New York City Ballet
David H. Koch Theater
Lincoln Center
New York, New York

September 28, 2017
Fall Gala: The Wind Still Brings, Composer’s Holiday, Not Our Fate, Pulcinella Variations

— by Jerry Hochman

So, if New York City Ballet’s program the night before its scheduled Fall 2017 Gala wasn’t really a gala but felt like one, what does the company do for the real thing … besides herding begowned women and tuxedoed men to their seats in between cocktails and the dinner party on the theater’s festively decorated and closed off Promenade? Present a very NYCB gala-ish evening filled with world premieres, young choreographers, company dancers, and costume designers given an opportunity to shine, and a sense that the company is both rolling in donation dough and on an artistic roll. I can’t comment on the company’s financial status, although I suspect it’s far from rolling in it. As for being on a roll artistically, things are certainly looking up compared to just a few short years ago.

If there’s one dominant takeaway from this year’s gala, it’s that the company’s investment in its future is continuing to pay dividends.

None of the gala’s new pieces is at the masterpiece level – though, realistically, that’s not what NYCB galas in recent years have been about. But although flawed to varying degrees, each of the four world premiere dances has merit, and a distinctive dance “personality” that is not easily forgettable.

The most impressive dance of the evening was the most unanticipated. Gianna Reisen is a School of American Ballet graduate who now is an apprentice with Ballet Semperopera in Dresden. She participated in SAB’s Student Choreography workshop in 2014 and 2015 and in the company’s New York Choreographic Institute’s working sessions, and created her first piece of choreography for the Institute a year ago. She’s never danced with NYCB, and has never mounted a dance with costumes or on a full theater stage. But she obviously made a sufficient impression on Ballet Master in Chief Peter Martins for him to decide to give her a shot, and to do so at one of the company’s most prominent events. At 18, she’s the youngest person commissioned to choreograph in NYCB’s history.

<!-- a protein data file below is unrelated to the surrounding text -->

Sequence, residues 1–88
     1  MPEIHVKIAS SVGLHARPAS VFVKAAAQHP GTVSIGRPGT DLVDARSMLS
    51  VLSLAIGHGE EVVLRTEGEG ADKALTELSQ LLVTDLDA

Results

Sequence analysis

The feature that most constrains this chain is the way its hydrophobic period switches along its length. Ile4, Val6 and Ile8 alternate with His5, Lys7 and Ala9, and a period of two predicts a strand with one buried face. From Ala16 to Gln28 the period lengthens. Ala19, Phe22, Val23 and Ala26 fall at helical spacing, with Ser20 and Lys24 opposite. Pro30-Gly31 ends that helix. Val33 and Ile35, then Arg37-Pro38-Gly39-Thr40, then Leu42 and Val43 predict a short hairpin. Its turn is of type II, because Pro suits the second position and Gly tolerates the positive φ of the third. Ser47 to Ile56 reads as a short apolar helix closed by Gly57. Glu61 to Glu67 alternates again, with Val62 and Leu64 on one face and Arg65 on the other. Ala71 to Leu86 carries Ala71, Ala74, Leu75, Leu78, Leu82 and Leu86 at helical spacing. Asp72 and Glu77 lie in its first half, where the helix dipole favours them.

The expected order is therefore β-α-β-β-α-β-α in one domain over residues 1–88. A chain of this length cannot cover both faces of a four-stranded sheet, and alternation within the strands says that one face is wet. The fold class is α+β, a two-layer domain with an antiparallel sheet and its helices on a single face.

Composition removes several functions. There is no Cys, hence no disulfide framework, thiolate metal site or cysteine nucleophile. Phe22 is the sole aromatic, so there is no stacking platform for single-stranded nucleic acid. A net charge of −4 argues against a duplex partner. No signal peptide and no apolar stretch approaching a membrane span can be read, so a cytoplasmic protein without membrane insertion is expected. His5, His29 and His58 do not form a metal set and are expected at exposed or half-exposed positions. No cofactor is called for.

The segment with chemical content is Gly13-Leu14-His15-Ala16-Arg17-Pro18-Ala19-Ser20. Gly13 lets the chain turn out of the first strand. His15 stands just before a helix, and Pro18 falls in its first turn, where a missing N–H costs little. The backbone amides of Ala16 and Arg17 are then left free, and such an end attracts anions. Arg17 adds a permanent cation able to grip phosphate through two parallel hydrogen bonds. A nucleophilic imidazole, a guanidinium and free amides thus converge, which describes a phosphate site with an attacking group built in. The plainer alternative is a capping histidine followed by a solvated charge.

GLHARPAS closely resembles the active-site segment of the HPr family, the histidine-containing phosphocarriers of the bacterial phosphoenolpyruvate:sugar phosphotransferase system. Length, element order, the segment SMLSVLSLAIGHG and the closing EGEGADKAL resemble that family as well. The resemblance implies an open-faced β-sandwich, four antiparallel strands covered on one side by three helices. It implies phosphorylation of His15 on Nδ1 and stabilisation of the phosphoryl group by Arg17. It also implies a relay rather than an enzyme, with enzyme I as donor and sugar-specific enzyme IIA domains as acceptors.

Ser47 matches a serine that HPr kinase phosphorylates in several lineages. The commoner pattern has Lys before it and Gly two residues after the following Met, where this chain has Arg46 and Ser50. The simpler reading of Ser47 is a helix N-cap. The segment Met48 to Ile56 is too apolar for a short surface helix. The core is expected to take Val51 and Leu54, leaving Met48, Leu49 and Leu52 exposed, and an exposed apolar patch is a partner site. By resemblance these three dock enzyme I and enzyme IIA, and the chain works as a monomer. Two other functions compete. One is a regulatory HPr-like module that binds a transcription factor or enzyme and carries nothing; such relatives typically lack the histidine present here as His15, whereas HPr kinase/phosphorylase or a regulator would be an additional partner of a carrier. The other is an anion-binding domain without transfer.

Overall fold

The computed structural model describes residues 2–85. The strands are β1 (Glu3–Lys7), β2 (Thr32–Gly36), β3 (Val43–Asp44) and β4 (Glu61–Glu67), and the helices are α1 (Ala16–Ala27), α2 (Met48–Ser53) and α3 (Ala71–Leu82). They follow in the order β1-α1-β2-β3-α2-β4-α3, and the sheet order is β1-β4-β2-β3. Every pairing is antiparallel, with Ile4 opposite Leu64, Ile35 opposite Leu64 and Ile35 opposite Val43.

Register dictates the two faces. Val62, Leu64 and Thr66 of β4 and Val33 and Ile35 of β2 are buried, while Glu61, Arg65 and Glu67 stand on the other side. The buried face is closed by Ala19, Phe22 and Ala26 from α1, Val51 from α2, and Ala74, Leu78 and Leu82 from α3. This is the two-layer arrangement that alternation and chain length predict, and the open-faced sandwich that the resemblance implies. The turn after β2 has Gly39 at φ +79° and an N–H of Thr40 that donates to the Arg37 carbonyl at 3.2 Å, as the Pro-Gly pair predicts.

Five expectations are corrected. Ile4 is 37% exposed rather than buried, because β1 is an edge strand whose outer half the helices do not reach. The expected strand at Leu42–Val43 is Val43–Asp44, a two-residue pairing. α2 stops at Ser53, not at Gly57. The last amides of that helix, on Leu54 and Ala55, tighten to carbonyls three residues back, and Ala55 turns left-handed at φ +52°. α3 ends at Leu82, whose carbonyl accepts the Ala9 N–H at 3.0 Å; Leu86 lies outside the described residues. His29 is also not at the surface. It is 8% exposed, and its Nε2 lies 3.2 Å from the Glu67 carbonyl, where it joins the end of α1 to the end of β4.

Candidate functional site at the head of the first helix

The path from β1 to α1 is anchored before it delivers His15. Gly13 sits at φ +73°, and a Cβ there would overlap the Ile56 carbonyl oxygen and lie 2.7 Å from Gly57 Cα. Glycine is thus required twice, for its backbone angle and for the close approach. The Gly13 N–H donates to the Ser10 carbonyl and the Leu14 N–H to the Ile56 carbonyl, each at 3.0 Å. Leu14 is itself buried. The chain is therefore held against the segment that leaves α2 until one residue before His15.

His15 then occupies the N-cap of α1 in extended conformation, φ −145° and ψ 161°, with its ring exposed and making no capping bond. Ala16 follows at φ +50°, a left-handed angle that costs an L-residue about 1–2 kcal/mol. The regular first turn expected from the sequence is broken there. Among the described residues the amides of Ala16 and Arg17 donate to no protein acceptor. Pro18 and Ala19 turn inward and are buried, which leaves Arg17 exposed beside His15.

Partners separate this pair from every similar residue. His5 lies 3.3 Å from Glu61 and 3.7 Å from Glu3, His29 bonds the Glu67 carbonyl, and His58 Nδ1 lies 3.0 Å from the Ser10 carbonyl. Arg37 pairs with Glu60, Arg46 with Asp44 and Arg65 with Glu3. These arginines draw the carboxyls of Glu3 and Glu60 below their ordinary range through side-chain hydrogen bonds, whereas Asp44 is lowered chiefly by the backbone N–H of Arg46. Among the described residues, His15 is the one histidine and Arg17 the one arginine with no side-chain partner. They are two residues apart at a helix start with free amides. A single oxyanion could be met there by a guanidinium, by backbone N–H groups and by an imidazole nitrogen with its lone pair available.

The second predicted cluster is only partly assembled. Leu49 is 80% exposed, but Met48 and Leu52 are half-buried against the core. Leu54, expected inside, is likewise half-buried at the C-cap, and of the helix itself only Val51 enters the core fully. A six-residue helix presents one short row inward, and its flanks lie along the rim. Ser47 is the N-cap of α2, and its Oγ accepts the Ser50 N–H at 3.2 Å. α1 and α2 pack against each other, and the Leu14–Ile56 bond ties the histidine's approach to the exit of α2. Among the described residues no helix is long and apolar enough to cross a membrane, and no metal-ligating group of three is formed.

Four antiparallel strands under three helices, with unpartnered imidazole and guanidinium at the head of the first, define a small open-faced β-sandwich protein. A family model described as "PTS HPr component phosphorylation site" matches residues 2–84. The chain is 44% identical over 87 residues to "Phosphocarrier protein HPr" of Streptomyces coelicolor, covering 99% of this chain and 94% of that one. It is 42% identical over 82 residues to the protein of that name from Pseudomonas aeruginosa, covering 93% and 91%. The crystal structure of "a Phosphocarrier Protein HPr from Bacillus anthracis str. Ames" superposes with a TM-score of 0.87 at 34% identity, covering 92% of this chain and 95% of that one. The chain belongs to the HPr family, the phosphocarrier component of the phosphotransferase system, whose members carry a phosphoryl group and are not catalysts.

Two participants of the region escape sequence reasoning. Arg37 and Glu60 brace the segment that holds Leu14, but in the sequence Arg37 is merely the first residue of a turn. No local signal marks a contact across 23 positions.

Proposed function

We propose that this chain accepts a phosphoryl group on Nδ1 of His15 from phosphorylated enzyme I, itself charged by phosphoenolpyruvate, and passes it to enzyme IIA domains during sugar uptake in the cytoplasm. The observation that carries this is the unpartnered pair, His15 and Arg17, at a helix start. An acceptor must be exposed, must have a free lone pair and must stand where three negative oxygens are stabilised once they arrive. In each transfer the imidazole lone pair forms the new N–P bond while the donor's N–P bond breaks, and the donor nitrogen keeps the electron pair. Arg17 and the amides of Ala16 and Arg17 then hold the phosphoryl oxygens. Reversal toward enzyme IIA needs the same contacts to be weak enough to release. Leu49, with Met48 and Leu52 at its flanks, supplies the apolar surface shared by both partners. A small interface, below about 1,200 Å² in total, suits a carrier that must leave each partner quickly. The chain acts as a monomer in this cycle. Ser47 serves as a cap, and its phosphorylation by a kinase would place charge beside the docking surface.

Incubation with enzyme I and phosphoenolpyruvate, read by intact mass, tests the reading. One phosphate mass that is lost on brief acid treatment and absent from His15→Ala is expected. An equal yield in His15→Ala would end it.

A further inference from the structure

The decision paid off.

Watching Composer’s Holiday, Reisen’s creation, is the equivalent of visually ingesting a box of Cracker Jack, and finding a surprise in every eyeful. [She’s probably too young to know what Cracker Jack is.] The dance, though not particular rich choreographically, is rich visually in ways that I can’t begin to adequately describe, and displays not only Reisen’s emerging craft but also a quality of inventiveness that’s more frequently the province of dancer /choreographers with greater experience, if it’s there at all. It’s funny and intelligent and strangely festive, and, with its unexpected bursts of dry wit and targeted whimsy, is remotely (very remotely) remindful of moments from Jerome Robbins’s The Concert.

Choreographed to Lukas Foss’s frolicky Three American Pieces for Violin and Piano, the dance is episodic but tightly woven together, and brief enough to make an impression but not to overstay its welcome. And its twelve dancer cast of young members of the corps features two pairs of “new” company dancers – Christina Clark, Kennard Henson, Emma Von Enck, and Roman Mejia (an apprentice) – all of whom appear to be relishing, and taking advantage of, the opportunity. The costumes by Virgil Abloh are complementary and non-intrusive, and reflect the festive, whimsical nature of the ballet.

The piece does indeed look like Reisen has never before choreographed for a full stage. There are too many pockets of action that leave much of the stage bare. And I have no idea what, if anything, she’s intending to say with this dance, but the apparent absence (at least on first view) of some purpose is insignificant here. Challenging her dancers, entertaining her audience, and creating a non-narrative ballet that looks different and isn’t angst-ridden, iconoclastic, or egocentric, are certainly sufficiently laudable goals by themselves.

In appearance and intent, Lauren Lovette’s new piece, Not Our Fate, is just the opposite: it fills the stage, it’s serious (though not ponderous), it has a message, and it knows exactly where it’s going and it successfully gets there. It’s theme – indeed, the very progression of the dance – reflects that of an untitled poem included in the dance’s program note written by company dancer Mary Elizabeth Sell (who also dances in the piece), which ends with the three words that comprise the dance’s title.

Not Our Fate’s message is two-fold: that individual differences, racial and sexual, are not to be hidden or shunned, but to be celebrated; and that the decision to love or to hate, to hide or to be recognized as one is, is a choice. Although there are some moments of reflection, there’s little if any negativity in the piece, and no pain (at least none yet evident to me). Rather, the dance is a clarion call to let the sunshine in. And like Justin Peck’s The Times Are Racing, it has the potential to be an anthem.

I like Lovette’s emerging craftsmanship – as I did with her initial NYCB choreographic effort for the company’s Fall Gala a year ago, For Clara. She has a lot of cast to work with (10 dancers), definite ideas that she’s tying to convey, and music that is difficult to choreograph to (three movements from Michael Nyman’s repetitive, pulsing Concert Suite from Prospero’s Books). The staging is interesting to watch evolve, and she squeezes considerable visual variety and incisiveness out of her theme, including a male/male duet that’s far more intelligent (and intelligently danced) than the frequently seen token pairings that pay lip service to diversity but not much more; and celebratory ensemble dances that do more than celebrate celebrating.